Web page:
When clinicians at the University of Washington Burn Center assess the damage to an incoming victim, they're considering more than the terrible wounds they have to quickly treat. They're also concerned about the shock to the patient's system.
The key to preventing complications involves accurately diagramming all the wounds and precisely calculating the total percentage of body surface that's burned. Normally that's done subjectively by eyeballing areas of a diagram shaded in by hand.
But a new computerized diagram uses a mouse as a "pen" to record burns on a computer workstation and automatically calculate the percentage, says David Jaffe, executive director of Harborview Medical Center in Seattle, where the burn center is located.
The joint software development project between Harborview and nearby Boeing Corp. has improved the reliability of these calculations, which are crucial to determining precise fluid requirements to keep a patient stable, Jaffe says.
A person with deep burns over more than 20% of body surface can suffer a life-threatening fluid shift. Averting that shock involves massive infusions of fluid to keep blood pressure up, heart rate down and the cardiovascular system stable during the first 24 hours of the injury.
But the amount of fluid is based on a formula that plugs in the precise percentage of burned body surface. Too little fluid could lead to life-threatening shock from insufficient blood circulation. Fluid overload could cause heart failure.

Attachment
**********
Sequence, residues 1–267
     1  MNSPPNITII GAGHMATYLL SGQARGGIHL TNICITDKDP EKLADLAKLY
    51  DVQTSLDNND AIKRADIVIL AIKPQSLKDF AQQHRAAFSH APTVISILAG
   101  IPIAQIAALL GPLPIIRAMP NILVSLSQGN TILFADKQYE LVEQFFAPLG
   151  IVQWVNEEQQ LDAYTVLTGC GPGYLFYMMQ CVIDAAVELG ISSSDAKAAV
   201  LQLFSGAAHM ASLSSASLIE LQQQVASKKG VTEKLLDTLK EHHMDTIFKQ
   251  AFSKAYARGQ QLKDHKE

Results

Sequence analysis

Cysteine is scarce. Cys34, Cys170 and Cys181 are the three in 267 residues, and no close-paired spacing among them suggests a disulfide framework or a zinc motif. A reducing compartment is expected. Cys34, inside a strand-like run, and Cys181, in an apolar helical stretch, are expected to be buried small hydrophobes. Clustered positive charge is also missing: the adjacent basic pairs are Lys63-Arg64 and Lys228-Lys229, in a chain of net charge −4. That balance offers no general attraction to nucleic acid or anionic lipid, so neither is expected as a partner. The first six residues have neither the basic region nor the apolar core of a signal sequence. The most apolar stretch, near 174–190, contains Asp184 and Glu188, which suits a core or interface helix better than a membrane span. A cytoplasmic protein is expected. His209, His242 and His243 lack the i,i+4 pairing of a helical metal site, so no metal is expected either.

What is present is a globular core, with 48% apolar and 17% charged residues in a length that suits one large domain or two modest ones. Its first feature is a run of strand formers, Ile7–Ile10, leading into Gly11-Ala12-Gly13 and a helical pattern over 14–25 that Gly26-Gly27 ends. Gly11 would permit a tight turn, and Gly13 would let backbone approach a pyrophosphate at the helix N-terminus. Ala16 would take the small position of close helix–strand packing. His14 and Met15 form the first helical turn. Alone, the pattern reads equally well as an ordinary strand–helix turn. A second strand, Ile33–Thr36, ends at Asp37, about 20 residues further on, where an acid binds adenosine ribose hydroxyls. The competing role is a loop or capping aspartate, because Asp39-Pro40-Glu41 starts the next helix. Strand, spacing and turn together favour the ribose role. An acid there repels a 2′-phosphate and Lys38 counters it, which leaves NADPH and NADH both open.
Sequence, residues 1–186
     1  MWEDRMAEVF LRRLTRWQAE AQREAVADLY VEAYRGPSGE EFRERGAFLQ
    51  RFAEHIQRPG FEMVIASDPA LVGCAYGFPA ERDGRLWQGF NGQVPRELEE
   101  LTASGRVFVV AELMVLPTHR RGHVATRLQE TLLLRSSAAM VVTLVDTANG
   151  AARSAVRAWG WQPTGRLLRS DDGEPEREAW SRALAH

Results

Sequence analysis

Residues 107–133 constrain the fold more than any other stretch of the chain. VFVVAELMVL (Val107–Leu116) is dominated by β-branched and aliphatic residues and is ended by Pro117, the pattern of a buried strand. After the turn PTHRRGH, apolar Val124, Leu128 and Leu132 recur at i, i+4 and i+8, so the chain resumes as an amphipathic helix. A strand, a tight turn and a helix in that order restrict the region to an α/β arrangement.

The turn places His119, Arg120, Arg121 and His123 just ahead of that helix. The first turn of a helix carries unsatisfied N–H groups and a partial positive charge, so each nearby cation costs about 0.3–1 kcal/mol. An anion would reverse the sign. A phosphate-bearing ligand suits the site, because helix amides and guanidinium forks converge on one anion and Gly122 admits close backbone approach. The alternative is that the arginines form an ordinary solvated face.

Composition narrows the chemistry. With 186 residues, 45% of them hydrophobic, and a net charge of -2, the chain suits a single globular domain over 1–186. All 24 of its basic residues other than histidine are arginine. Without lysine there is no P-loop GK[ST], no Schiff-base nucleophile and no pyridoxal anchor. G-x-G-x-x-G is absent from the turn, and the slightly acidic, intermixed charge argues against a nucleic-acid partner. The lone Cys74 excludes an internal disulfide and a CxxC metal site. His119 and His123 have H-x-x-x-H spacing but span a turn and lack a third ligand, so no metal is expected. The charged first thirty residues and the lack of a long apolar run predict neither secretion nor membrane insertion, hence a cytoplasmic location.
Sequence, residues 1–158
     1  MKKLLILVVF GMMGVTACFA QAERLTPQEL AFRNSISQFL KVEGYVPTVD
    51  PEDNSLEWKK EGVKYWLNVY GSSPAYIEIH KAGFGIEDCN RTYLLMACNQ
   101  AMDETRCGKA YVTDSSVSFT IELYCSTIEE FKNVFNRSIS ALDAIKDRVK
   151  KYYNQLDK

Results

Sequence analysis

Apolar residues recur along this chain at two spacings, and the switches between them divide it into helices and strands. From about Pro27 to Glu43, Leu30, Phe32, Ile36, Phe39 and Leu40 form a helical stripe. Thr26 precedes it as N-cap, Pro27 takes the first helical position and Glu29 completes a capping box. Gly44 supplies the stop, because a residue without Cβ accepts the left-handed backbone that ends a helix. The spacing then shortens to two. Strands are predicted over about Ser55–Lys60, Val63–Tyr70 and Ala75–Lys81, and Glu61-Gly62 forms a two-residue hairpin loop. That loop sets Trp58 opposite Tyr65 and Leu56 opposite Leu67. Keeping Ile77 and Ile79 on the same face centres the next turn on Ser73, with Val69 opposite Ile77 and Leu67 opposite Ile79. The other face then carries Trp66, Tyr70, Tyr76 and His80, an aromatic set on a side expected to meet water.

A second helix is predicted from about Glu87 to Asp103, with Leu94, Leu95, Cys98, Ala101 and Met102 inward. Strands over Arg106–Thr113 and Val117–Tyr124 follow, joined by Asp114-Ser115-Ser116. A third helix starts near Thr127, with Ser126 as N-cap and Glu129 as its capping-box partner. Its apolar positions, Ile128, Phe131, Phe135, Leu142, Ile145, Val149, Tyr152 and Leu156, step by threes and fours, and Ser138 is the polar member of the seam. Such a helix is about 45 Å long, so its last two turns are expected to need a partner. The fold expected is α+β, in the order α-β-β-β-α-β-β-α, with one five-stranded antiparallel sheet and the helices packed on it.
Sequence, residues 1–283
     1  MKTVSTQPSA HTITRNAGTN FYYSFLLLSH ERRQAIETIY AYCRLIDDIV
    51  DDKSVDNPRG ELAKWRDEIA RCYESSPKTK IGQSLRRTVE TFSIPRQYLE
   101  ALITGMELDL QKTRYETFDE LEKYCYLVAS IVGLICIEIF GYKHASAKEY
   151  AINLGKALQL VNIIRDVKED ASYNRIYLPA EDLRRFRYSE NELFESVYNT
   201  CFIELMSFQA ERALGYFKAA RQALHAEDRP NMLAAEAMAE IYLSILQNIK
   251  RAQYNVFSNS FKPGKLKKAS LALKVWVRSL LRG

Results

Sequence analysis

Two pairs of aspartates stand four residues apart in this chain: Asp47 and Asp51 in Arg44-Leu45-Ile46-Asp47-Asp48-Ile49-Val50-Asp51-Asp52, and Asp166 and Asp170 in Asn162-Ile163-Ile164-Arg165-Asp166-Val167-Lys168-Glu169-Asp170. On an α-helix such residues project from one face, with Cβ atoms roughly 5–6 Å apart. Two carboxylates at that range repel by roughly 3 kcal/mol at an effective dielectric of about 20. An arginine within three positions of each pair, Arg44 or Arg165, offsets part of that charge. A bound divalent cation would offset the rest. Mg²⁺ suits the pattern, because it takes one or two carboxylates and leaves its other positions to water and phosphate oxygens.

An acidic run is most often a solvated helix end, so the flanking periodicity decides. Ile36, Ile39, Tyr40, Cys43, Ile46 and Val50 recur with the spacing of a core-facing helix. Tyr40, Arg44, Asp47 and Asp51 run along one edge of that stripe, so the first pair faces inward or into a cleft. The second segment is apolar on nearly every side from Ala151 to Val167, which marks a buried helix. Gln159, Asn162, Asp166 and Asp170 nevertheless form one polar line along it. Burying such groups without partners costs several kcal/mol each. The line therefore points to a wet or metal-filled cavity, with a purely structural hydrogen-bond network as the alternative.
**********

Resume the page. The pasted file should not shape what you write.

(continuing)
Now when a burn patient is admitted, a clinician pulls up a blank human figure on the computer screen, draws a picture of the patient's burns by shading according to the depth of the burn, and then enters the patient's age and weight. The resulting calculation also adjusts for differences in adult and child anatomy, Jaffe says.
Diagrams are redrawn every week or when dressings are removed after skin grafts, giving physicians easily accessible updates on the progress of healing. By contrast, "the old paper diagrams were posted near each patient's door and they often got lost, soiled or out of chronological order," Jaffe says.
Included with every visual display is a statistical report that divides the body into about 20 sections and lists the percentage of each section that is healed, grafted or still burned.
Other areas of the hospital also rely on the diagrams for decisions based on the total surface area of unhealed skin. For example, the more severe the burns, the greater the intensity of patient care required. While intensive care would be necessary for a patient with a high percentage of burns, the hospital needs to be able to transfer the patient out of intensive care as healing progresses, Jaffe says.
Since the burn diagrams debuted at Harborview in November 1994, more than 900 have been drawn for more than 300 patients, he says.